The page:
PDF _ RL34478 - Rising Food Prices and Global Food Needs: The U.S. Response
8-May-2008; Charles E. Hanrahan; 22 p.

Abstract: Rising food prices are having impacts across the world, but especially among poor people in low-income developing countries. Since 2000, a year of low food prices, wheat prices in international markets have more than tripled, corn prices have doubled, and rice prices rose to unprecedented levels in March 2008. Such increases in food prices have raised concerns about the ability of poor people to meet their food and nutrition needs and in a number of countries have lead to civil unrest. More than 33 countries, most of which are in Sub-Saharan Africa are particularly affected by food prices increases. The World Bank has estimated that more than 100 million people are being pushed into poverty as a result of food-price escalation.

A number of interrelated factors have been identified as causes of the rising food prices. Droughts in Australia and Eastern Europe and poor weather in Canada, Western Europe and Ukraine in 2007 have reduced available supplies. Reduced stocks have prompted many countries to restrict exports. Rising oil and energy prices have affected all levels of the food production and marketing chain from fertilizer costs to harvesting, transporting and processing food. Higher incomes in emerging markets like China and India have resulted in strong demand for food commodities, meat and processed foods and higher prices in world markets. Increased demand for biofuels has reduced the availability of agricultural products for food or feed use. Export restrictions in many countries have exacerbated the short supply situation.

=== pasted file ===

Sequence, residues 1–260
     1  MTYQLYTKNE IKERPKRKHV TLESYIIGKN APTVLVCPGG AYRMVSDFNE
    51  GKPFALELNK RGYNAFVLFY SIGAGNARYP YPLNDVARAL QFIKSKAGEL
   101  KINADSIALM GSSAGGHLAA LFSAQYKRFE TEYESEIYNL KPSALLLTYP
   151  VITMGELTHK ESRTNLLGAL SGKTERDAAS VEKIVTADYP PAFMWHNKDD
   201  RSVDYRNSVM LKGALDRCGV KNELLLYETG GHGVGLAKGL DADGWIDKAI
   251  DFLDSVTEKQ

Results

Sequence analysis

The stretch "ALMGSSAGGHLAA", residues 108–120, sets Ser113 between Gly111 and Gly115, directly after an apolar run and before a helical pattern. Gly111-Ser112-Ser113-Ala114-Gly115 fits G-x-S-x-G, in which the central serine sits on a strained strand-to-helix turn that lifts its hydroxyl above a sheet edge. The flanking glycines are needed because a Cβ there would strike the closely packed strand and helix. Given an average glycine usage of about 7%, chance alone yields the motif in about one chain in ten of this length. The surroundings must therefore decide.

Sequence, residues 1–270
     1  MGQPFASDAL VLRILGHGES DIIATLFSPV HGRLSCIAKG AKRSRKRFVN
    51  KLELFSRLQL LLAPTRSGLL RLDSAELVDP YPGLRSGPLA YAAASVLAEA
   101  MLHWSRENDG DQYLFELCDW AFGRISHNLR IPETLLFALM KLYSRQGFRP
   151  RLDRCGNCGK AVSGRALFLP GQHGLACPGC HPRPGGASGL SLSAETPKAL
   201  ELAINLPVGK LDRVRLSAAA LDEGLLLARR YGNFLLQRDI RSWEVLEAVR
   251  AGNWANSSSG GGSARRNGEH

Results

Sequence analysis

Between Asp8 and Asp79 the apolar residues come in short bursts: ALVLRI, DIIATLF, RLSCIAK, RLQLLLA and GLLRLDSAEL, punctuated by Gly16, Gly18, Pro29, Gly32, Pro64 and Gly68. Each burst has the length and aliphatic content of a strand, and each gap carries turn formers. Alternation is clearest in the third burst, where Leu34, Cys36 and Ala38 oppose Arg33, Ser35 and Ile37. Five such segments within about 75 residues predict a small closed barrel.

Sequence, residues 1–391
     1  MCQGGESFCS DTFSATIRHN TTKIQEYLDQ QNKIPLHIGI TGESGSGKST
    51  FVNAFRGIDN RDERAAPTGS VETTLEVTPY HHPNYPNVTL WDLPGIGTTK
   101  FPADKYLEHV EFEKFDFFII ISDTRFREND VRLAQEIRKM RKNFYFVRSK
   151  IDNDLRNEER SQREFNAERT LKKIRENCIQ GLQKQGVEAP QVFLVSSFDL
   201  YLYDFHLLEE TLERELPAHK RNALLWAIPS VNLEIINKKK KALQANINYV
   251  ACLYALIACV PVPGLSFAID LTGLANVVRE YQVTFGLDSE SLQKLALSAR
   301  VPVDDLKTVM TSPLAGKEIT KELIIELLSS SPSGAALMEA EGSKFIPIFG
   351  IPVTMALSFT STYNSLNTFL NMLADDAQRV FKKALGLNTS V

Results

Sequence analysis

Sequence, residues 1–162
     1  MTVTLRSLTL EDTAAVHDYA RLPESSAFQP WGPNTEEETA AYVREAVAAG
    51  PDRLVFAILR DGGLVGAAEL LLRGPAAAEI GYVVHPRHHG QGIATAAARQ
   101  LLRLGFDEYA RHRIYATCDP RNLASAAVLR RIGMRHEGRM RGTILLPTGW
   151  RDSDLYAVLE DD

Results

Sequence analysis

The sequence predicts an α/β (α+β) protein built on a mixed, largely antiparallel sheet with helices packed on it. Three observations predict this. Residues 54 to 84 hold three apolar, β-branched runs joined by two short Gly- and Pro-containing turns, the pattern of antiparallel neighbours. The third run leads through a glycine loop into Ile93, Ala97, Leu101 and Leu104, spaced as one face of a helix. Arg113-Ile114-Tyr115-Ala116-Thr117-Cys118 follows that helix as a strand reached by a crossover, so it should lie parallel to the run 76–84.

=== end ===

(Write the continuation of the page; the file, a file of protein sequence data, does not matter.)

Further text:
One immediate consequence of the rise in global food prices is the emergence of a shortfall in funding for international food aid. The World Food Program has launched an urgent appeal for $755 million to address a funding gap brought on by high food and fuel prices. WFP indicates that without additional funding it would have to curtail feeding programs that meet the needs of more than 70 million people in 80 countries.

The United States has responded to the WFP appeal for food aid and its own food aid funding shortfall by announcing a release of $200 million from the Bill Emerson Humanitarian Trust (BEHT), a reserve of commodities and cash that can be used to meet unanticipated emergency food aid needs. Congress is considering an FY2008 emergency supplemental appropriation for emergency food aid requested by the Administration. The President announced on May 1, 2009 a request for Congress to appropriate an additional $770 million in FY2009 to deal with the international food situation.

In addition to near-term measures to meet food needs in low-income countries, aid agencies are focusing on medium- and long-term efforts to enhance food security and agricultural productivity. There have been calls for increasing the priority and allocation of resources to agricultural development in poor countries, particularly in Sub-Saharan Africa. The World Bank and USAID are two aid agencies that are promoting agricultural development and growth in low-income countries. Both indicate that African agricultural development should be a priority.

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Topics: General, International

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